Reserve bank of australia - liabilities and assets - summary [A1-2]

Updated by DBnomics on
May 29, 2020

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Notes
  • A1 Reserve Bank of Australia – Liabilities and Assets
  • Liabilities:
  • ‘Capital and Reserve Bank Reserve Fund’ includes the Reserve Bank Reserve Fund (RBRF), a general reserve which provides for potential losses arising from events which are contingent and non-foreseeable, mainly those which arise from movements in market values of the RBA’s holdings of Australian dollar and foreign securities. On 1 July 2001 the amount of $3 323 million (Contingencies and General Purpose Reserve) was transferred from ‘Other liabilities’ to ‘Capital and Reserve Bank Reserve Fund’.
  • Prior to July 1996 the series ‘Exchange settlement balances’ primarily reflected deposits of Australian banks, comprising non-callable deposits and, prior to September 1988, Statutory Reserve Deposits and deposits by savings banks. The Statutory Reserve Deposit requirement on trading banks was removed in 1988 and the non-callable deposit requirement was abolished in July 1999. The Bank commenced paying interest on Exchange settlement balances in July 1996. The rise evident from November 2013 reflects authorised deposit-taking institutions holding higher balances to accommodate payment exchanges that occur after the close of the cash market each day. These positions are funded by the Bank offering access to open repurchase agreements of a pre-determined size; this is reflected in a higher level of Australian Dollar Securities.
  • ‘Deposits (excluding Exchange Settlement balances) include deposits of the Bank's customers, namely the Australian Government, overseas institutions, including the IMF and central banks, and state governments and authorities.
  • ‘Other liabilities’ include provisions, current year profit/loss, the counterpart obligation arising from transactions in repurchase agreements, and obligations arising from the outright purchase of securities which have been contracted but not yet settled.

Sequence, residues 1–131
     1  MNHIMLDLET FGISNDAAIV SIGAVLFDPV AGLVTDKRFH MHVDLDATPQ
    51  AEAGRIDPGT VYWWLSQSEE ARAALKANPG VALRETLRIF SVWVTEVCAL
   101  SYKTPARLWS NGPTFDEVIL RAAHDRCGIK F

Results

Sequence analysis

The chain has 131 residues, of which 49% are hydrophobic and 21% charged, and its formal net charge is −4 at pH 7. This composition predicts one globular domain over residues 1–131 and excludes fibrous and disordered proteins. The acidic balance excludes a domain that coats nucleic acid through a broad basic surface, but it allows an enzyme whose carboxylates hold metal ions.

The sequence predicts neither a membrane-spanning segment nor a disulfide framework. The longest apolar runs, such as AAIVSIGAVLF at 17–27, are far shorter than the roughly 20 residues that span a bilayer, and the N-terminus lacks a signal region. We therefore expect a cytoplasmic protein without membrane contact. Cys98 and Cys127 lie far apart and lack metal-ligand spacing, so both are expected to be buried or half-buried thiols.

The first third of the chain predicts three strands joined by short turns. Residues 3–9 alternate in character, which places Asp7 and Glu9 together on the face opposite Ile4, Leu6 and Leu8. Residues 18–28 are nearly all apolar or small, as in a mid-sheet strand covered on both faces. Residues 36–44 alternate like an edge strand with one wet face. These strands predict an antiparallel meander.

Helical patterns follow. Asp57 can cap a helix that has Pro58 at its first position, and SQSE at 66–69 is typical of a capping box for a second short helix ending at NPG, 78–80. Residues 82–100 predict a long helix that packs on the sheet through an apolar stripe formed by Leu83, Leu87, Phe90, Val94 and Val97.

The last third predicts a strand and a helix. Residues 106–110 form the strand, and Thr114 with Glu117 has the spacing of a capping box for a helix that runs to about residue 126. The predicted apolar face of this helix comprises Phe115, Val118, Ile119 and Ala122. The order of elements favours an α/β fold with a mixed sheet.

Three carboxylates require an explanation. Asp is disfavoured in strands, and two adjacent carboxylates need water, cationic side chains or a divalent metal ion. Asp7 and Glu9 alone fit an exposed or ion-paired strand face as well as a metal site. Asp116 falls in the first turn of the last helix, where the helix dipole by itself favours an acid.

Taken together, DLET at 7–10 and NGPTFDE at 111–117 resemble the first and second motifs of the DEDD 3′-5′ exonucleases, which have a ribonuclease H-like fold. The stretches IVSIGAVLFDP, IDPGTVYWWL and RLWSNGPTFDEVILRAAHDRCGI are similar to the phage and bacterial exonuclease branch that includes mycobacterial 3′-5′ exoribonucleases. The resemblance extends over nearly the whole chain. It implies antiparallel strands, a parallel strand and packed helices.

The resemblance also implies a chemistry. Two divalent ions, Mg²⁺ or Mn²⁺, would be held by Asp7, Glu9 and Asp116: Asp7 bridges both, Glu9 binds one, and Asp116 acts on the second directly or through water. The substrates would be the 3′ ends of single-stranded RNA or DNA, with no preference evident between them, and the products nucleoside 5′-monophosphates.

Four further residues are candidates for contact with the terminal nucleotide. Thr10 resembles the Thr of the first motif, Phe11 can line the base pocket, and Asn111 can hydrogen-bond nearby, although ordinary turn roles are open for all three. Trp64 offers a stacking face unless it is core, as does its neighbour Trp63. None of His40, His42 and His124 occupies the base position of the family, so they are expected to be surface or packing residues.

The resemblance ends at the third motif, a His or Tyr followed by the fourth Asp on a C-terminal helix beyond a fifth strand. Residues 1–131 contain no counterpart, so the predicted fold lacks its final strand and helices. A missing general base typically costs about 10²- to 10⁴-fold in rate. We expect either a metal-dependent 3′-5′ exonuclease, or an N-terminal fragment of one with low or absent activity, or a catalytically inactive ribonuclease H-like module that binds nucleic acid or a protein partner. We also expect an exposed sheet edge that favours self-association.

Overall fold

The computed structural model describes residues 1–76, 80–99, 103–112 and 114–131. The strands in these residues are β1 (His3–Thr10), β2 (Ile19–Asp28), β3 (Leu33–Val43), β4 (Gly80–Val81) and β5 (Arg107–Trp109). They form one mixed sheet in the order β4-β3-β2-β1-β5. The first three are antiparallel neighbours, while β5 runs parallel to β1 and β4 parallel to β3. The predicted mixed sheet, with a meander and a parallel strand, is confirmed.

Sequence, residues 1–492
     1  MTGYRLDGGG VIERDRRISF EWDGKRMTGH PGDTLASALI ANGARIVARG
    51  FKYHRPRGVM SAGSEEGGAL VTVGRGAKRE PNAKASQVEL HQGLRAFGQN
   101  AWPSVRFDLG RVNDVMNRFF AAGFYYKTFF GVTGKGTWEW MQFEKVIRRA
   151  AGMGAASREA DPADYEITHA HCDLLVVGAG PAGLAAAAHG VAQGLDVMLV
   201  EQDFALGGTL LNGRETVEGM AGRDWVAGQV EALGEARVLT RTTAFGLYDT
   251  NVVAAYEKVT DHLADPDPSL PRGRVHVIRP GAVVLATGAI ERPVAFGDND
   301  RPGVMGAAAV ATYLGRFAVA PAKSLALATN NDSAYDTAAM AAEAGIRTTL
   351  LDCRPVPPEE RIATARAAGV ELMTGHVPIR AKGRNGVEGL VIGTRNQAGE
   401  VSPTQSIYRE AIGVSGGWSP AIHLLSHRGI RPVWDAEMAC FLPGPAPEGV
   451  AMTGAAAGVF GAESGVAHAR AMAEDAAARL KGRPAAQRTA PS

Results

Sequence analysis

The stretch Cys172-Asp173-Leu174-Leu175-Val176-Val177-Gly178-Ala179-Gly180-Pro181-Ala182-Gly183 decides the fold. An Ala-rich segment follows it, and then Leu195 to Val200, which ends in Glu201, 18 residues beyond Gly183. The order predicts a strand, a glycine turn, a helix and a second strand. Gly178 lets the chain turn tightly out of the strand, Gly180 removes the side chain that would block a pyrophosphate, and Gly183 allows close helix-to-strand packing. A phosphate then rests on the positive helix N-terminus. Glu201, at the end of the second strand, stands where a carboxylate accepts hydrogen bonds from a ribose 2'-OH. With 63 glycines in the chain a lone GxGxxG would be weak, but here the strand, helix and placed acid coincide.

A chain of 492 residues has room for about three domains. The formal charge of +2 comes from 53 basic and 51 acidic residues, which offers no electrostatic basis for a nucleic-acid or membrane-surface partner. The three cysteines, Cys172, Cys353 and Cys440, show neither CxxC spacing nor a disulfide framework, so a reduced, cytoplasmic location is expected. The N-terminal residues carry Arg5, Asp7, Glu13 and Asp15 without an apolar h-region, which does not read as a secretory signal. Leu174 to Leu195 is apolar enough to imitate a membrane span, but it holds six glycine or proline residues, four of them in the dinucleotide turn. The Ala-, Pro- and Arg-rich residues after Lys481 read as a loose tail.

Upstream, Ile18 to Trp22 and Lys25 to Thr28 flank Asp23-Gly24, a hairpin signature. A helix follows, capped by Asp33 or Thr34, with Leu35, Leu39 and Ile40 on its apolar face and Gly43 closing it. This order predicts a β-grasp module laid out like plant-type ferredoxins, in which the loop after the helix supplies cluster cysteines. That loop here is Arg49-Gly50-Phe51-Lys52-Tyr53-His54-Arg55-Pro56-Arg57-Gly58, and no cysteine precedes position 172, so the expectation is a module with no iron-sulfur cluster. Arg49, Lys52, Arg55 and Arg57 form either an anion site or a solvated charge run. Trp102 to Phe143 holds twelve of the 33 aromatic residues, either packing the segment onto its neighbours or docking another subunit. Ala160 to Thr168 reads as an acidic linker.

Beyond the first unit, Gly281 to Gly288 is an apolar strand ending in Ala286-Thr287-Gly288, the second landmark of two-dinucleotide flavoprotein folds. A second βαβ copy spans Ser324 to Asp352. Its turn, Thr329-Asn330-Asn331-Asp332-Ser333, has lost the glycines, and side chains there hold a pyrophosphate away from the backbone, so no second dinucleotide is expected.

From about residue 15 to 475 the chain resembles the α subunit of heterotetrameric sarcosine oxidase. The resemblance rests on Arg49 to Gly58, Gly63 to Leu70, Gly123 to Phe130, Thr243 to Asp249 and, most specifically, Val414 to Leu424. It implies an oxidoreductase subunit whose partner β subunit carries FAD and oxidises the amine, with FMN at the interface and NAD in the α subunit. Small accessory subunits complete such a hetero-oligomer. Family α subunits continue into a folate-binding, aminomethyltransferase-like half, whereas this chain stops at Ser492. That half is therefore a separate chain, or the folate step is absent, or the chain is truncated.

• Assets:
  • ‘Gold and foreign exchange’ assets include foreign exchange, which is invested in government securities and deposits, and IMF Special Drawing Rights. Foreign exchange is held outright and under forward contracts. Securities sold but contracted for purchase under repurchase agreements are retained on the balance sheet in this category.
  • ‘Australian dollar investments’ include outright holdings of Australian Government Securities (AGS) and securities issued by central borrowing authorities of state and territory governments. Securities sold but contracted for purchase under repurchase agreements are retained on the balance sheet in this category. Also included are Australian dollar securities purchased but contracted for sale under reverse repurchase agreements, being: eligible bank bills, certificates of deposit and debt securities of ADIs; Australian dollar-denominated securities issued by certain foreign governments, foreign government agencies and by highly rated supranational organisations; and selected Australian dollar domestic residential and commercial mortgage-backed securities, asset-backed commercial paper and corporate securities.
  • ‘Other assets’ include the Bank’s holdings of Australian notes and coins, Bank premises and other durable assets, and the Bank’s shareholding in the Bank for International Settlements. Clearing items, which include cheques and bills of other banks, bills receivable and remittances in transit as well as amounts owed to the Bank for overnight clearances of financial transactions, are also included in 'Other assets'.
Dimensions codes and labels
[FREQ] Frequency
  • [W] Weekly
[units] Units
  • [$-million] $ million
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